‘Collateral Murder’: 10th anniversary of infamous airstrike that exposed US cover-up

‘Collateral Murder’: 10th anniversary of infamous airstrike that exposed US cover-up (VIDEO)

‘Collateral Murder’: 10th anniversary of infamous airstrike that exposed US cover-up (VIDEO)
On the 10th anniversary of the US military airstrike on Baghdad which killed at least a dozen people, RT looks back at the indiscriminate attack brought to light by WikiLeaks in ‘Collateral Murder.’

 

 

Whistleblower and former US Army soldier Chelsea Manning leaked the damning footage. She was released in May after serving nearly seven years of confinement from the date of her arrest.

US Apache helicopters launched an aerial attack in East Baghdad on July 12, 2007, killing at least 12 people. Among them were Reuters photojournalist Namir Noor-Eldeen and camera assistant Saeed Chmagh.

Saleh Matasher Tomal, a driver who tried to help those wounded was also killed, while his two children were injured. A 2007 military investigation cleared everyone involved of wrongdoing, and claimed to find no information of how the two children were hurt.

 

‘Collateral Murder’ video leaked by Chelsea Manning shows an aerial attack by US Apache helicopters in East Baghdad https://on.rt.com/8by1 

Photo published for 'A testimony of evil': How Manning’s 'Collateral Murder' revelation changed history — RT America

‘A testimony of evil’: How Manning’s ‘Collateral Murder’ revelation changed history — RT America

On the day whistleblower Chelsea Manning is released from prison, RT looks back on ‘Collateral Murder,’ the most explosive revelation from Manning’s leaked documents – a haunting video depicting US…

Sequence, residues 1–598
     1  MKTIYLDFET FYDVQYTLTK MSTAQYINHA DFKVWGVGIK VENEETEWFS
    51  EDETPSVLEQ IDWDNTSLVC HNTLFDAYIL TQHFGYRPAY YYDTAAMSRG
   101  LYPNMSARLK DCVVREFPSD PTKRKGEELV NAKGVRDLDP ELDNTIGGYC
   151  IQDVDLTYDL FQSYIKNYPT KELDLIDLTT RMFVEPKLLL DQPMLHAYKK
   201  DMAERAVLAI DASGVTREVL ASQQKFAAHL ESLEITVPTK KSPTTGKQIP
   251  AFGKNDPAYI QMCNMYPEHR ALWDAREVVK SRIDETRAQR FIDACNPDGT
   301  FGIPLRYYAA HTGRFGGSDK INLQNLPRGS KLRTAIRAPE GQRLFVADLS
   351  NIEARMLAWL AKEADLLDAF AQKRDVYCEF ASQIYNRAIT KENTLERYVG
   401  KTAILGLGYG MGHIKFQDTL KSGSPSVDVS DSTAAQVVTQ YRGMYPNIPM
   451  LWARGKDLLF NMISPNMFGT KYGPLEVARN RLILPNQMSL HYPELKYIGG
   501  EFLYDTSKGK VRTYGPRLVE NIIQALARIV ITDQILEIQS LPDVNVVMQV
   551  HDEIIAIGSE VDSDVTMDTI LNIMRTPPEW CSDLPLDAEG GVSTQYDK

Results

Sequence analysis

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Reuters requested footage of the airstrikes under the Freedom of Information Act in 2007 but was unsuccessful.

WikiLeaks published the footage in 2010 after it was leaked to them by intelligence analyst Chelsea Manning, then known as Bradley Manning.

Manning was subsequently charged under the Espionage Act and sentenced to 35 years in military prison. Her sentence was commuted by President Barack Obama in 2017, with Manning released in May 2017 having served seven years.

Dean Yates, Reuters bureau chief in Iraq at the time of the attack, told ABC last month that the news agency was not aware of the US military’s rules of engagement.

“What we didn’t realise at that time was that the US military had decided that anyone seen in the streets of Baghdad with a weapon was considered hostile, and could, therefore, be engaged, they could be shot at and we just didn’t know this.”

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